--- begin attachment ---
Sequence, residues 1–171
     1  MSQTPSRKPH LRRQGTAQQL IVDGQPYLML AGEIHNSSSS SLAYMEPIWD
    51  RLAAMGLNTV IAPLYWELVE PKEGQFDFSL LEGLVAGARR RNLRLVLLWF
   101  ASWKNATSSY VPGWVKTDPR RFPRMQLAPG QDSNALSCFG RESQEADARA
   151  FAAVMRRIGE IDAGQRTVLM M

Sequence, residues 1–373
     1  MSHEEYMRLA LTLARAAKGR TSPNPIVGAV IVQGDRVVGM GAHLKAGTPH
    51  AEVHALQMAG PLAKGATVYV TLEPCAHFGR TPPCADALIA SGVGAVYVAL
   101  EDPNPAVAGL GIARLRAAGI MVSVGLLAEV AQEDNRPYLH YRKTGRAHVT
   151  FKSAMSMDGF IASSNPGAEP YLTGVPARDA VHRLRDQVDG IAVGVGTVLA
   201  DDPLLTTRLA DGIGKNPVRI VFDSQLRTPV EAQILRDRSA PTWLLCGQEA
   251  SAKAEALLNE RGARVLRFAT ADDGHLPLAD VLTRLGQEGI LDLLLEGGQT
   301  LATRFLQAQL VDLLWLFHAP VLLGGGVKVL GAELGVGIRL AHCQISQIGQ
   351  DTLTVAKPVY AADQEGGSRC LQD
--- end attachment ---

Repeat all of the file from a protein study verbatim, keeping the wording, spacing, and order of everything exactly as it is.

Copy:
Sequence, residues 1–171
     1  MSQTPSRKPH LRRQGTAQQL IVDGQPYLML AGEIHNSSSS SLAYMEPIWD
    51  RLAAMGLNTV IAPLYWELVE PKEGQFDFSL LEGLVAGARR RNLRLVLLWF
   101  ASWKNATSSY VPGWVKTDPR RFPRMQLAPG QDSNALSCFG RESQEADARA
   151  FAAVMRRIGE IDAGQRTVLM M

Sequence, residues 1–373
     1  MSHEEYMRLA LTLARAAKGR TSPNPIVGAV IVQGDRVVGM GAHLKAGTPH
    51  AEVHALQMAG PLAKGATVYV TLEPCAHFGR TPPCADALIA SGVGAVYVAL
   101  EDPNPAVAGL GIARLRAAGI MVSVGLLAEV AQEDNRPYLH YRKTGRAHVT
   151  FKSAMSMDGF IASSNPGAEP YLTGVPARDA VHRLRDQVDG IAVGVGTVLA
   201  DDPLLTTRLA DGIGKNPVRI VFDSQLRTPV EAQILRDRSA PTWLLCGQEA
   251  SAKAEALLNE RGARVLRFAT ADDGHLPLAD VLTRLGQEGI LDLLLEGGQT
   301  LATRFLQAQL VDLLWLFHAP VLLGGGVKVL GAELGVGIRL AHCQISQIGQ
   351  DTLTVAKPVY AADQEGGSRC LQD